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Im doing a home project just for fun and Im pretty new to the Arduino, but I do know the basics.

Im creating a automatic venetian blind where it will open when dark and close when bright.

So the slats of the venetian blinds will rotate to a open position when the light sensor detects darkness and rotate to a closed position when the light sensor detects light.

Im using:

arduino uno r3/ continuous servo motor / led/ LDR (light sensor)/ 10k resistor/

This code works for a standard servo motor. I wanted it to work with a continuous servo motor because you can "control it better" and its the one I have.

I guess I will need a if statement something like this:

if light sensor detects dark then rotate the servomotor a to a certain degree and then stop and if light sensor detects light then rotate the servomotor to a certain degree and then stop.

#include <Servo.h>

Servo servo1;

int sensorPin = A0;            // select the input pin for the ldr
int ledPin = 13;  
unsigned int sensorValue = 0;
int servoPin = 9;
int pos = 0;

void setup()
{
  //Start Serial port
  Serial.begin(9600);        // start serial for output - for testing
  servo1.attach(9);
  pinMode(ledPin, OUTPUT);
}

void loop()
{
  // For DEBUGGING - Print out our data, uncomment the lines below
  Serial.print("Cell = ");     // print the value (0 to 1024)
  Serial.println(analogRead(sensorPin));                   // print carriage return  

  pos = analogRead(sensorPin);
  pos = constrain (pos, 0, 1023);

  int servoPos = map(pos, 0, 1023, 255, 0);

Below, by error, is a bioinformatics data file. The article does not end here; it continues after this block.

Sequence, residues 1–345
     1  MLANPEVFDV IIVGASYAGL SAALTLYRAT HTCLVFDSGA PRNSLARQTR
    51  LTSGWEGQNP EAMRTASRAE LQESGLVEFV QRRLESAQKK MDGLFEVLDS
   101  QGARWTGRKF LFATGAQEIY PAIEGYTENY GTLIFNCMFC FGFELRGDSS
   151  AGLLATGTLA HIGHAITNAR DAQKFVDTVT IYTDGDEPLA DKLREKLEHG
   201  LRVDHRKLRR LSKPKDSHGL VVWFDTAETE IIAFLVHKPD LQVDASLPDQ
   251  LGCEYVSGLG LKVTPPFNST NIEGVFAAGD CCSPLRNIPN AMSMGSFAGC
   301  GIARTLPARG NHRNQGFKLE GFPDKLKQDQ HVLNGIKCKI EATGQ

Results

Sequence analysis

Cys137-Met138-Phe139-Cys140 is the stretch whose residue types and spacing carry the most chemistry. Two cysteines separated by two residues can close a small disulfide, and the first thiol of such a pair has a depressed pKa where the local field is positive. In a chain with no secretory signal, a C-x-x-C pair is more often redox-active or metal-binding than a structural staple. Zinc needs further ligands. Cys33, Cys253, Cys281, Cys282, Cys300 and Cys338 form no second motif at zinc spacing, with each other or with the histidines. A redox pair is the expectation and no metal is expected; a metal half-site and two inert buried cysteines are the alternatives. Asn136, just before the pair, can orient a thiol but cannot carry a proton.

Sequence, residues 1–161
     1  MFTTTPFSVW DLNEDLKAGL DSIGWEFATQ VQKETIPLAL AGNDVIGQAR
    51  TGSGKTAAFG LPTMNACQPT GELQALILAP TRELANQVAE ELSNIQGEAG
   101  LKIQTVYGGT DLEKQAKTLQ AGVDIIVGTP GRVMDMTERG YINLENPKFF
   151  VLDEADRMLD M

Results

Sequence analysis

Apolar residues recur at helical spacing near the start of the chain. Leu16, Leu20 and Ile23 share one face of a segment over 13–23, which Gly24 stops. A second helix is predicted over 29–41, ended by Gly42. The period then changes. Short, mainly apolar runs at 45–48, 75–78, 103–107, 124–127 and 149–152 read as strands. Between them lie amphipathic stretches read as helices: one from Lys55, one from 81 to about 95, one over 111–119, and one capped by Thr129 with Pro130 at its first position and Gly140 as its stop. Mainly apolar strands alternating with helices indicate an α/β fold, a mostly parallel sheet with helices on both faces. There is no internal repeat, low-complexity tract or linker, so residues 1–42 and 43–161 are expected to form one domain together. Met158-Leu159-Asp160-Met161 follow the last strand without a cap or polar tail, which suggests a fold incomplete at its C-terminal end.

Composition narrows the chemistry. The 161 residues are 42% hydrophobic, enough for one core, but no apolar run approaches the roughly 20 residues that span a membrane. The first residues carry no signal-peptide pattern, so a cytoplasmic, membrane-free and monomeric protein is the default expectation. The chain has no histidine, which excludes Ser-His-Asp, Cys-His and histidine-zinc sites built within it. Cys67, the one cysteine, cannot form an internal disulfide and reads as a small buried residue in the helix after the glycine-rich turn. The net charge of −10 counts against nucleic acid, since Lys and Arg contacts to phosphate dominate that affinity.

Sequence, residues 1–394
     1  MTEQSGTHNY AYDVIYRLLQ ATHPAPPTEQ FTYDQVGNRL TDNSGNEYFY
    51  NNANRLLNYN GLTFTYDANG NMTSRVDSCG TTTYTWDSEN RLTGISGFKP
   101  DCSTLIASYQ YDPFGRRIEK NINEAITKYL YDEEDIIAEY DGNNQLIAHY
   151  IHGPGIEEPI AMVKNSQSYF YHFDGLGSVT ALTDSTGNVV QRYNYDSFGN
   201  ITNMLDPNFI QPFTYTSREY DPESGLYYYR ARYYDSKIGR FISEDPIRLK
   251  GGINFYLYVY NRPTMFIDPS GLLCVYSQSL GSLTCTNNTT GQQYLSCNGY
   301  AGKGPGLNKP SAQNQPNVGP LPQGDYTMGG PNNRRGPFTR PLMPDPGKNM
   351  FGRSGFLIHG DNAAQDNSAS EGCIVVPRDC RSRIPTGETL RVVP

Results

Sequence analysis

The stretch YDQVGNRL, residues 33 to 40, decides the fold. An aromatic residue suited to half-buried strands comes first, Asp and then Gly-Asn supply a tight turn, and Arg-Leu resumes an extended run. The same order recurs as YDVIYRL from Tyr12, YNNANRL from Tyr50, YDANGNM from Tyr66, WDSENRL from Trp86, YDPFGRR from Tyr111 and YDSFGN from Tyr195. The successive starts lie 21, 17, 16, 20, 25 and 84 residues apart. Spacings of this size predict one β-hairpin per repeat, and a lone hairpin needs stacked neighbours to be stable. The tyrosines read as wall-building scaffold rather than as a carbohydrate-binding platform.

int servoDegree = map(servoPos, 255, 0, 0, 179);

  servo1.write(servoDegree);
  Serial.print("Servo Degree = ");
  Serial.println(servoDegree);


  int val = analogRead(sensorPin);
  val = constrain (val, 0, 1023);

  int ledLevel = map(val, 0, 1023, 255, 0);
  analogWrite (ledPin, ledLevel);  

  delay(50);  
}   
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1 Answer 1

With continuous servo motors, you give up position information. (See this Polou page for details.) This means you won't know when the blinds have reached their open/closed positions unless you also add limit switches. If you go with the switches, then a continuous servo would work. A better solution might be a small gearhead stepper motor like this one from AdaFruit. They have torque but they are much slower than continuous servos.

Key thing is that you don't want to be energizing the motor continuously (which is how standard servos maintain position). That is wasteful and will burn out the motor in something like a blinds application, day in, day out. You want it to do the task and then in loop() wait until the state (light level in your app) has changed. So you would need to keep track of the last light level, then in loop() check if the current light level is different (and greater than some threshold you will have to determine through testing), then change the state of the blinds and store that last level.

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You may wish to look into a stepper motor system instead of a servo. I have used hal efffet sensor to determine the position of items hooked to a continuous servo motor. A magnet in the blinds –  alexmac Mar 20 at 1:28

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